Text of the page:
Rembrandt Paints Andromeda Chained to the Rocks
Andromeda Chained to the Rock was painted by Rembrandt in 1631.
Currently this work resides in Mauritshuis, in The Hague.
Andromeda represents Rembrandt's first full length mythological female nude and is taken from a story in Ovid's Metamorphoses. This story is about an Ethiopian princess who, as punishment for her mother's boasting, was chained to a rock to be sacrificed to a sea monster that was tormenting the Ethiopian people. Many preceding artists such as Titian have depicted this story by showing Andromeda, her rescuer Perseus, and the sea monster all in the same composition. In this work, Rembrandt shies away from Classical conventions by isolating Andromeda, showing her not as a muscular beauty but as a frightened naturalistic looking girl. This painting is an example of Rembrandt's rejection of the composite beauty. Since he did not believe true beauty existed naturally, he painted women as he saw them; naturally imperfect and flawed.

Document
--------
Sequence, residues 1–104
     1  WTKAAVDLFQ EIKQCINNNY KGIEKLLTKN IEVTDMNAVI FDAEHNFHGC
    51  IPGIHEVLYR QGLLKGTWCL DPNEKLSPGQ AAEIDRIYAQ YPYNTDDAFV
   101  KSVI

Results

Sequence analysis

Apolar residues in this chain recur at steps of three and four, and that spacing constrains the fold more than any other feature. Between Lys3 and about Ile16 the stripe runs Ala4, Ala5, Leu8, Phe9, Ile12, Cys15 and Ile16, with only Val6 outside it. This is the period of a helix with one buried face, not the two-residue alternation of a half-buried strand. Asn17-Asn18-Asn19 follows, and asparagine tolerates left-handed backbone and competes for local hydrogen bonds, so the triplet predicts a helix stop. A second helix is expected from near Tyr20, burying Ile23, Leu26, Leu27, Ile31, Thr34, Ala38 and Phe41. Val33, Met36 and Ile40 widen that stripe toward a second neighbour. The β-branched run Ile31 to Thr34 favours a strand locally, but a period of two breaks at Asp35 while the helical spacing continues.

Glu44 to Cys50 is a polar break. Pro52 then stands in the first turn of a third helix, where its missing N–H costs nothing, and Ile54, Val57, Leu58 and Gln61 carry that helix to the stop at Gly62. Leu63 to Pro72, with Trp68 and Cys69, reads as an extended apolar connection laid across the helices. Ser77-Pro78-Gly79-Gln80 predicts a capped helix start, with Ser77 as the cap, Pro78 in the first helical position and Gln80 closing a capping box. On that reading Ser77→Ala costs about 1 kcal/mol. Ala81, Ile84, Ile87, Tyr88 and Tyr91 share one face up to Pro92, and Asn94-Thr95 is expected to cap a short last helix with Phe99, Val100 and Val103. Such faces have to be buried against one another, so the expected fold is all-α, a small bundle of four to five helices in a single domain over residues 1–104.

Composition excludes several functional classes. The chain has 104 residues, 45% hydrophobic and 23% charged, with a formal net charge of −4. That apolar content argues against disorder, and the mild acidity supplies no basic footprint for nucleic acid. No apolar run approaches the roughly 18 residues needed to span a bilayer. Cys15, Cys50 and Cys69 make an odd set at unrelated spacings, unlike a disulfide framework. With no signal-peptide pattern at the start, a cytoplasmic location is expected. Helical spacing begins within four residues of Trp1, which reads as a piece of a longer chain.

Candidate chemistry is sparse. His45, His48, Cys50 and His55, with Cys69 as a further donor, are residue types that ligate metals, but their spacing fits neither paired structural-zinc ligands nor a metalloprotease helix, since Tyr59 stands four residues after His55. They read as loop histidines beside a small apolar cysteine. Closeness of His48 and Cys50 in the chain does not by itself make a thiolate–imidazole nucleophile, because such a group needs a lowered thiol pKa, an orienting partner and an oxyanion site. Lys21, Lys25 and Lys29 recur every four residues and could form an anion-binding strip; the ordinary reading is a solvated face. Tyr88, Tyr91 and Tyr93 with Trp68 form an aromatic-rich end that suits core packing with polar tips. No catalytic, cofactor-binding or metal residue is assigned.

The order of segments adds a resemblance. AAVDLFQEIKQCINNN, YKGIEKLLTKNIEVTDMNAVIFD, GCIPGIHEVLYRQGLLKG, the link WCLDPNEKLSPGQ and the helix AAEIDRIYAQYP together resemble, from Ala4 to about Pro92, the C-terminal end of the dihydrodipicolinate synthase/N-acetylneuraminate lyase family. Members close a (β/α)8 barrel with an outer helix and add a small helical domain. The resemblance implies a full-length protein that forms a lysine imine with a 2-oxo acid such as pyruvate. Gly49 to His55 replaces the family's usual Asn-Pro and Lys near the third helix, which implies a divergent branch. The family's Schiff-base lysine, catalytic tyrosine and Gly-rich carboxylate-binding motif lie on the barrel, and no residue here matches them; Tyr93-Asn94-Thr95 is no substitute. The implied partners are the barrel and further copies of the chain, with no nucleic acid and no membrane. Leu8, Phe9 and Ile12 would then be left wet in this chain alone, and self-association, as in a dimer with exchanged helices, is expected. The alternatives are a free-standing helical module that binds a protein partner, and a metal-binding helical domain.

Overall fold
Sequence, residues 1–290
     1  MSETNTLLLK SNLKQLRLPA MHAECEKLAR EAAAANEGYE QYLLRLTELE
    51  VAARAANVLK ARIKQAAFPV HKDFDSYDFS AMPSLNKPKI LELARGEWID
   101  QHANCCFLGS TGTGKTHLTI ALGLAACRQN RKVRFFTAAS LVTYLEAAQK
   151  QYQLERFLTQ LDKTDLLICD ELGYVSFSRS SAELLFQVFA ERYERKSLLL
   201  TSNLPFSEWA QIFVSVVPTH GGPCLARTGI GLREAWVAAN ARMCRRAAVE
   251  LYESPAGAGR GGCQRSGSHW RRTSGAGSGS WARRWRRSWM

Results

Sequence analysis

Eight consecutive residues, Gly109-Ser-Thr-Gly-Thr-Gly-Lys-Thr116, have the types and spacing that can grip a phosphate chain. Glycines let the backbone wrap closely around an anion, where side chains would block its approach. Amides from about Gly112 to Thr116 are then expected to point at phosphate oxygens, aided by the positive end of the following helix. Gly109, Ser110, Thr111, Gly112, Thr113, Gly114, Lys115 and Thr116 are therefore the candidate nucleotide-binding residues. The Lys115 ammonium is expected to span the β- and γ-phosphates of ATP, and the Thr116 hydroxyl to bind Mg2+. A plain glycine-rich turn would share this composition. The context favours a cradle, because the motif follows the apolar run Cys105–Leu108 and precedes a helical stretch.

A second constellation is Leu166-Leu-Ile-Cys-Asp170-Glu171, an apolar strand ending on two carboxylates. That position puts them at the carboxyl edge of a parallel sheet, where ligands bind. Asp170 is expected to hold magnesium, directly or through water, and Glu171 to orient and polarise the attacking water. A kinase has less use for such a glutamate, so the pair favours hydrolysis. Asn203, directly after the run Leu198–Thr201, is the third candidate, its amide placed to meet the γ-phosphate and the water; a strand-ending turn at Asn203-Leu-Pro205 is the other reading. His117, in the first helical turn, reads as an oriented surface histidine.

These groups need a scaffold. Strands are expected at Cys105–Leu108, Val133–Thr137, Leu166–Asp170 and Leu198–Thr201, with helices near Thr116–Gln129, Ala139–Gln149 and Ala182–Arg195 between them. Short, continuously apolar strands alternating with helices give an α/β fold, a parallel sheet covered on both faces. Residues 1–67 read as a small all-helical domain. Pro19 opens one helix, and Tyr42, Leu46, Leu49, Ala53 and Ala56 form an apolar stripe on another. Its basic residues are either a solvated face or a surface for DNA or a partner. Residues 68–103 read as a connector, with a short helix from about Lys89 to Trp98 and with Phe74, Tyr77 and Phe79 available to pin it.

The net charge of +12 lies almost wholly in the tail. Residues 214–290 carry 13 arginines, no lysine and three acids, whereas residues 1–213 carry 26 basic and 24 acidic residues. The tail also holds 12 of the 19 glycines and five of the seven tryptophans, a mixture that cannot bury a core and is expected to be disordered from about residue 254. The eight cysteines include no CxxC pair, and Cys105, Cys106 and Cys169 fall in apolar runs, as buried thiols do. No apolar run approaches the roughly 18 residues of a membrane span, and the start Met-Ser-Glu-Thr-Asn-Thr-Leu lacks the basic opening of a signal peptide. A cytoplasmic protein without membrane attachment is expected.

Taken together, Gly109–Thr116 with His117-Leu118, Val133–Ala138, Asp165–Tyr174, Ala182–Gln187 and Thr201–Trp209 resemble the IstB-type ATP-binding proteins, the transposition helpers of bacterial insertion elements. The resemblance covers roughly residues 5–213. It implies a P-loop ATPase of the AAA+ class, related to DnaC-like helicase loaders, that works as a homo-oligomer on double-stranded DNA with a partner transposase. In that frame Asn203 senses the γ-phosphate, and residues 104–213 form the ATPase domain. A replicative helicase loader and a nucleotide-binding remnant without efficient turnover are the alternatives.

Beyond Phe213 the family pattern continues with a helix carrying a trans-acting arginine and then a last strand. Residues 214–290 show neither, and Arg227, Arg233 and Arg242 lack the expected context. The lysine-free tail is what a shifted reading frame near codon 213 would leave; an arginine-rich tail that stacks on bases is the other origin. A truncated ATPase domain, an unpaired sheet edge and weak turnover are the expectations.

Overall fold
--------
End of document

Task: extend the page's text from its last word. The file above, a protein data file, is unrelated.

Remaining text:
Rembrandt's subsequent nude mythological paintings from this period Diana Bathing and Danaë show his evolving portrayal of the nude.
Andromeda was a princess from Greek mythology who, as divine punishment for her mother's bragging, was chained to a rock as a sacrifice to a sea monster. She was saved from death by Perseus, her future husband. Her name is the Latinized form of the Greek Ανδρομέδη (Andromédē). The etymology of the name is "to think of a man," from ανδρός (andros) "man" combined with μήδομαι (mēdomai) "to think, to be mindful of."